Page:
Pick Your Rock and Metal

Friday, December 29, 2017

ALBUM REVIEW: The Vikings are coming as Leaves' Eyes unleash Sign of the Dragonhead

THE Longships are coming in 2018 as ‘The Sign of the Dragonhead’ looms over the horizon...

Leave’s Eyes, a fantastic symphonic metal band, return to storm these shores with their seventh album, an uncompromising, combative, epic album and they are ready to loot and pillage your ears without compromise.

Leave’s Eyes have created historically inspired musical masterpiece that chronicles the Vikings like a keen-edged Ulfberht sword perfectly wielded to deliver a flurry of high powered tracks that leave you in awe.
The title track, ‘The Sign of the Dragonhead’, hails a furious warning of the coming of the Viking raiders and starts the chills of anticipation with a choral assault. A rousing track that just hits the right buttons, painting an image of fast moving ships sailing with deadly purpose. And nothing can stop them.

The second track ‘Across The Sea’ is a fantastic marathon that will have you pulling out your dusty copy of Elder Scrolls: Skyrim. It is a hauntingly inspiring track that is flawlessly executed to affect even the most battle hardened warrior.  It’s shanty like beginnings only adds to this heroic headbanging berserker epic.

Continuing the search for treasures comes ‘Like a Mountain’ that evokes, through Elina Siirala’s hauntingly operatic vocals, a tragic Niflheim lament. And, there should be no surprise that it is a tragic Icelandic love saga. It is a beautifully ethereal bass-heavy track full of emotion pulling you through cold and stunningly harsh landscapes painted by the symbiosis of Lina’s elfish tones and Alexander Krull’s Jotonheimr guttural vocals. This along with the swaying metal and delicate folkish interludes just work so well.

Again the warrior rage takes hold with ‘Jomsborg’, recalling the legendary Viking fortress in the Baltic Sea area and the Jomsvikings. Another track that gives you the warrior chills that no matter what the odds all will stand as battle brothers to the end. It conjures once more the common theme of sweeping vistas in a cold tundra or seascape filled with warriors of legend and renown. It is just gorgeously epic in scope and the heavy resounding rhythmic battering your ears will get is an absolute pleasure.

‘Völva’ keeps up the magnificence, once more summoning a grand vision combining metal, opera, choral orchestra, and traditional instruments into a perfect storm that will roll right over you without missing a beat.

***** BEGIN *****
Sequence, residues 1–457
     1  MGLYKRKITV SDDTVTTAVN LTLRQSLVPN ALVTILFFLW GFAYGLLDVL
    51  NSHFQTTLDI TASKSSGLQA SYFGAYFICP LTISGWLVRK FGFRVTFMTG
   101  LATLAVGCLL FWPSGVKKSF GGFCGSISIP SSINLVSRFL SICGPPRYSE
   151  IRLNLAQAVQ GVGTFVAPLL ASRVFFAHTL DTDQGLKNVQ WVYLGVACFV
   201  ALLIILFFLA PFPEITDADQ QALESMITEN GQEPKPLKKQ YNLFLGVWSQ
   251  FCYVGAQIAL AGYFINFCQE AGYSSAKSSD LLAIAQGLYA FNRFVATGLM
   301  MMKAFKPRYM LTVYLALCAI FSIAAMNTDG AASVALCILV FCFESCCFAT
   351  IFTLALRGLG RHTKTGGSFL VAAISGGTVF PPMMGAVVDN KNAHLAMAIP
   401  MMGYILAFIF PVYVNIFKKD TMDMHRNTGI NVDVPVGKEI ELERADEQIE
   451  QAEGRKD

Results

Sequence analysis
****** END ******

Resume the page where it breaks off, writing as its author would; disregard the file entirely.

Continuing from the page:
Blasting in is ‘Riders On The Wind’, an almost southern dixie-like shanty inspired performance that is a catchy metal track. This is a fantastic upbeat smile-inducing stadium anthem. If you don’t want to sing along you will have to really put the work in to resist. Utterly elegant in every way.

Next is ‘Fairer Than The Sun’, a beautiful lament imbued ballad done in only the way Leave’s Eyes can do. Even if you’re not a fan of slow ballads, this will still be a pleasure to sit back and listen to intently. Elina’s vocals are beyond compare throughout the album hitting the absolutely right emotional notes.

And, just when you thought you could relax, ‘Shadows In The Night’ gives your complacency a damn good kicking. Another excellent and solidly performed symphonic piece of metal that maintains the flow and theme of the album.

The pure Viking instrumental shanty ‘Rulers Of Wind And Waves’ uses traditional music and instruments backed by a beautifully choreographed orchestral  and choral support to blow your mind.

This is honestly a perfect little interval that only adds to the overall beauty of this album.

Kicking it back up into gear is ‘Fires In The North’, another excellent delivery of symphonic Viking metal that can be enjoyed and loved by a much wider audience than just symphonic metallers.

The close comes with ‘Waves Of Euphoria’, the longest track on the album coming in at just over 8 minutes. This is almost too perfect as the whole track, musically, feels like a highlight summary of all the previous tracks. Slow, haunting, fast, heavy, ethereal, dreamlike and headbanging. This one has it all as it arches through from start to finish, perfectly balanced. This is the Rainbow bridge of the album as images of Heimdallr awaiting you to see that you are worthy to pass to Valhalla will just run through your mind.

This is an end credits track par excellence...

The whole album is a beautifully crafted and perfectly balanced piece of Viking artistry that refuses to let you think about anything else other than heroic Vikings, joined in battle for glory, fighting for their place at Odin’s table in Valhalla.

What is most striking is the confident and independent vocals of Elina as she takes absolute and unquestionable possession of each song, which lends an individual note to her interaction with Alex‘s growls.

The album is filled with complex yet catchy tangible tunes. The instrumentation is perfectly balanced and unconventional with medieval nyckelharpas, fiddles, uilleann pipes and whistles blending seamlessly with the driven heavy metal entourage. It all whisks you away to a fabled world of the harsh cold North.

This album is where Heavy Metal and Celtic Folk music craft an acoustic Viking party of epic proportions.